Friday, October 14, 2011
Updated: October 15, 5:42 PM ET
Source: Big East invites 5 schools
By Andy Katz
If all goes according to plan, the Big East will end up replacing outgoing Pittsburgh, Syracuse and TCU with full-time members Houston, Southern Methodist and Central Florida, while adding Air Force and Boise State in football only.
According to a source with direct knowledge of Friday's Big East conference call, the conference has sent conditional invitations to Houston and SMU for all sports and Air Force and Boise State for football only.
The Big East informed the four schools that if all four agree to join the Big East then the remaining schools would agree to an increase in the exit fee from $5 million to the $10 million range to show a commitment to the incoming schools.
The Big East leaders are scheduled to vote Monday on the exit fee increase, a conference official told the Associated Press Saturday.
However, the six remaining football playing schools won't commit to raising the fee unless all four commit to joining the Big East in football with Houston and SMU joining in all sports.
Meanwhile, the Big East sent a separate all-sports invitation to UCF and are expecting the Knights to accept, the source said.
An official in the Big East, speaking on condition of anonymity because the conference had not authorized anyone to speak publicly about its plans, told The Associated Press that commissioner John Marinatto was in Cincinnati on Friday meeting with UCF's president and athletic director.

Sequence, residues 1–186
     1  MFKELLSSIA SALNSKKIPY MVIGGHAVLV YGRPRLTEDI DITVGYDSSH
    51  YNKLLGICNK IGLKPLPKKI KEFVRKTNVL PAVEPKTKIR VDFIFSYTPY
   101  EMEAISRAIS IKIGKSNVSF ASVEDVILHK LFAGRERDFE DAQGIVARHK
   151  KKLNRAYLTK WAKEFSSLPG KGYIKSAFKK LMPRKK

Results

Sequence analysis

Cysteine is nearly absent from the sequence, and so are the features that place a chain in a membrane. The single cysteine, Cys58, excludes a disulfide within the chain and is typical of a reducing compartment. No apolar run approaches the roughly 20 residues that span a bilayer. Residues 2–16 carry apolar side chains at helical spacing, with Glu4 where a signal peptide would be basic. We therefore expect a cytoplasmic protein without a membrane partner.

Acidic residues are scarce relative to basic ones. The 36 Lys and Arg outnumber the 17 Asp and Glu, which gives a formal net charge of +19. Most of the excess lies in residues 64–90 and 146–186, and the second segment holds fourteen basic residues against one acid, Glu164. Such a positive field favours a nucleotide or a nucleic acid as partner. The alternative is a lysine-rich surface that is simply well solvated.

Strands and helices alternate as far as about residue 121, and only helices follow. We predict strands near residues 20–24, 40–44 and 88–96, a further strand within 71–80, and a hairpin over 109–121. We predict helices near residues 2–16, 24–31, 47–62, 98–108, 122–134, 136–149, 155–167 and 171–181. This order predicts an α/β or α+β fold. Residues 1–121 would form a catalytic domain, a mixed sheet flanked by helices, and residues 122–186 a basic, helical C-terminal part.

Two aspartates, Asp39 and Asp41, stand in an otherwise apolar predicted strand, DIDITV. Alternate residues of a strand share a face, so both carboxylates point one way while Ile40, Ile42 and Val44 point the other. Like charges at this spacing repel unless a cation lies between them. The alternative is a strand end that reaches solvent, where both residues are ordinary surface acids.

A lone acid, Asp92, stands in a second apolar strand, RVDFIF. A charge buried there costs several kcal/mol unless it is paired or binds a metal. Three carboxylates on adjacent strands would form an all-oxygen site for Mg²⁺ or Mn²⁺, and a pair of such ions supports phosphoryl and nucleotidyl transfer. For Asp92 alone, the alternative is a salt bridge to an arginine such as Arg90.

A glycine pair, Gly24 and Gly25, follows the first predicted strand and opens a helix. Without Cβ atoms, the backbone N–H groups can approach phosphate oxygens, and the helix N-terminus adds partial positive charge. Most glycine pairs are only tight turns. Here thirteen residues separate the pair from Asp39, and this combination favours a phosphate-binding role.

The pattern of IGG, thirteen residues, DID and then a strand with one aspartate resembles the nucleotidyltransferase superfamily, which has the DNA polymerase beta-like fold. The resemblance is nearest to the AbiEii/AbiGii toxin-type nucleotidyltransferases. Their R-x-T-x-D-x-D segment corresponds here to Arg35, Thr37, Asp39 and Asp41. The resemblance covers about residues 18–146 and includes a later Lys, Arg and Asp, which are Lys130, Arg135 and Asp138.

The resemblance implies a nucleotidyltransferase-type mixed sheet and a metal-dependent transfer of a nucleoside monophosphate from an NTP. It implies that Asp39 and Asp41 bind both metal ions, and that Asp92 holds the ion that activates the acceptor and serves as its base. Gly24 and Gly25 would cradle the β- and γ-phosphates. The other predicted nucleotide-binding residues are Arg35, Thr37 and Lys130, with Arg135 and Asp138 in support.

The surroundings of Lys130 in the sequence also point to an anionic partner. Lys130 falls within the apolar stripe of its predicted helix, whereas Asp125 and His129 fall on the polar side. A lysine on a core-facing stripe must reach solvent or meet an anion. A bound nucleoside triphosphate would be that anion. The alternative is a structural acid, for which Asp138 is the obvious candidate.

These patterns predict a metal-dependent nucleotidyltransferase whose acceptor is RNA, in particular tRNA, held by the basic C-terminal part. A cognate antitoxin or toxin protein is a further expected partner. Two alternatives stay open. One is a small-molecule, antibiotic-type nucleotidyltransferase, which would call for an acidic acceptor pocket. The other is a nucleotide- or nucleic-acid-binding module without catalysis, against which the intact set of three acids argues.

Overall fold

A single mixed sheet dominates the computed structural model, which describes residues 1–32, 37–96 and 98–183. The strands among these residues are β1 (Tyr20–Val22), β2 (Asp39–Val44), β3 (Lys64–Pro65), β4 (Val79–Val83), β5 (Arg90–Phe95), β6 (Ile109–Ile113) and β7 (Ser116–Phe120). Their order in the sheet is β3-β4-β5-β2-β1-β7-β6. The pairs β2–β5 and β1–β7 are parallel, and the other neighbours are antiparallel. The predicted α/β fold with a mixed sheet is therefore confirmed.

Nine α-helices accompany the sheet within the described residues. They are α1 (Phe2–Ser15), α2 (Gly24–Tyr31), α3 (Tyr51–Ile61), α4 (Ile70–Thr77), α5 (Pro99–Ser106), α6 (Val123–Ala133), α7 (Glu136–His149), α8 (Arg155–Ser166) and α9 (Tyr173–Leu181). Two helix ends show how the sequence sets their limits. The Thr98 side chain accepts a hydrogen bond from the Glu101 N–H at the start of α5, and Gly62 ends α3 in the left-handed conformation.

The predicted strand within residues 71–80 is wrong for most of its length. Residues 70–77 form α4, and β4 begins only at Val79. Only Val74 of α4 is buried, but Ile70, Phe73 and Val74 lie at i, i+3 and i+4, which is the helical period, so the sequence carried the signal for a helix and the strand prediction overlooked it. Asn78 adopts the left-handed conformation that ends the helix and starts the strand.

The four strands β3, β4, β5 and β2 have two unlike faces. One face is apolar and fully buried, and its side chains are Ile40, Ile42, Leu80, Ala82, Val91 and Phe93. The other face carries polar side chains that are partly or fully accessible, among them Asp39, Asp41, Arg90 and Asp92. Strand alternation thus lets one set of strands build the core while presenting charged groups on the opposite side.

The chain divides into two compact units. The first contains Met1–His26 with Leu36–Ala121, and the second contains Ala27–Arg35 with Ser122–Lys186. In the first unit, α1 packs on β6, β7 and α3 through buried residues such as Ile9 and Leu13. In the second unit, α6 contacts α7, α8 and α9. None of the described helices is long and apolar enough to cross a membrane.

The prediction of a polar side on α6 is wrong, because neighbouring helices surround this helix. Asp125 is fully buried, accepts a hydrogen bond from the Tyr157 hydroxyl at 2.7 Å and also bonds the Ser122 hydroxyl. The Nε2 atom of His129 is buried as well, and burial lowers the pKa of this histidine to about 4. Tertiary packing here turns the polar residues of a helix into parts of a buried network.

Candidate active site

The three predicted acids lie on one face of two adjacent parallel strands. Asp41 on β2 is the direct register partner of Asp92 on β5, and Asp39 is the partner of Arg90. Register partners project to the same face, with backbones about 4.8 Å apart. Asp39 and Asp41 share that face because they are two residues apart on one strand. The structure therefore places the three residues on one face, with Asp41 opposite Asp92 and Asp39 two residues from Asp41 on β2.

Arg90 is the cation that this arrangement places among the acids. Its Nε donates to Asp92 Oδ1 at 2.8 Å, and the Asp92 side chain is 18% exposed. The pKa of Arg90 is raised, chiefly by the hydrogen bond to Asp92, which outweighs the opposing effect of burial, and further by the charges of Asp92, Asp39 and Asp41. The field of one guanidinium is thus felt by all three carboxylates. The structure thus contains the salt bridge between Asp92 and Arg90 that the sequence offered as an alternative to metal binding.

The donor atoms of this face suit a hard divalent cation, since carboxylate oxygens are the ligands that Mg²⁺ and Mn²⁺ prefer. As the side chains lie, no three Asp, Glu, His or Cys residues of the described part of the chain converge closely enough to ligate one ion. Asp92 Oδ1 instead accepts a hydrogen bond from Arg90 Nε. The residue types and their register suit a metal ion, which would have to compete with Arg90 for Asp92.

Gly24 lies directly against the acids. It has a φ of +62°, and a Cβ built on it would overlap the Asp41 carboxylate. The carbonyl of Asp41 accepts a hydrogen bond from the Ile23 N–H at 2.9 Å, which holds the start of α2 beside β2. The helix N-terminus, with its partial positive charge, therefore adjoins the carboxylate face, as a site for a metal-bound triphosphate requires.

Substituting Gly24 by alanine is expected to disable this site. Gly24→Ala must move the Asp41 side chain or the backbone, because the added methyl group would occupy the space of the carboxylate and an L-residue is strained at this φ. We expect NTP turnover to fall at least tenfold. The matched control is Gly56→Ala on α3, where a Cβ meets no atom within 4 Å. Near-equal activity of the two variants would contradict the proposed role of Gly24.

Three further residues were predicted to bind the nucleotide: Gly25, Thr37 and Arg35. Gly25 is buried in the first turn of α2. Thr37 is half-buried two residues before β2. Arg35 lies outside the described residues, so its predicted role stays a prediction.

The Big East also is working on a separate deal with Navy, the source told ESPN, but the Midshipmen are skeptical.
If Houston, SMU and Central Florida accept for all sports that would restore the Big East to 17 teams in men's basketball, while adding Air Force and Boise State in football only would get the conference to 11 team in that sport, pending a Navy decision.
The Big East was considering adding Temple, but that is a backup plan now, according to a Big East source. Temple, which was kicked out of the Big East in 2005, plays football in the Mid-American Conference.
The Big East announced earlier this week it wanted to expand to 12 football schools.
The two conferences affected by the Big East's expansion plans -- the Mountain West for Boise State and Air Force and Conference USA for UCF, SMU and Houston -- announced Friday they would form a 22-team merged league in football only, with two divisions and a conference championship game.
According to a source with direct knowledge about Boise State's and Air Force's situations, the conferences went ahead with the alliance when Boise State indicated to the MWC that it didn't plan to leave the conference.
The source also said Air Force had soured on the Big East deal a bit when Army decided against joining the Big East and Navy became skeptical of the plan.